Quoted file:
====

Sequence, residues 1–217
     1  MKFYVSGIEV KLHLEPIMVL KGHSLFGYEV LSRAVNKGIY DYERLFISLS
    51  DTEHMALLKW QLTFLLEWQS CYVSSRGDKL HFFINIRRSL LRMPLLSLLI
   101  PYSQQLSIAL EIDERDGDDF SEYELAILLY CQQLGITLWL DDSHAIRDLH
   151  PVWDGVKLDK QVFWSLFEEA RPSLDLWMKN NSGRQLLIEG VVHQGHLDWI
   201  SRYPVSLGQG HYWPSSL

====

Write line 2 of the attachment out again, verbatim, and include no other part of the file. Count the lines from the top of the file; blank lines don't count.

     1  MKFYVSGIEV KLHLEPIMVL KGHSLFGYEV LSRAVNKGIY DYERLFISLS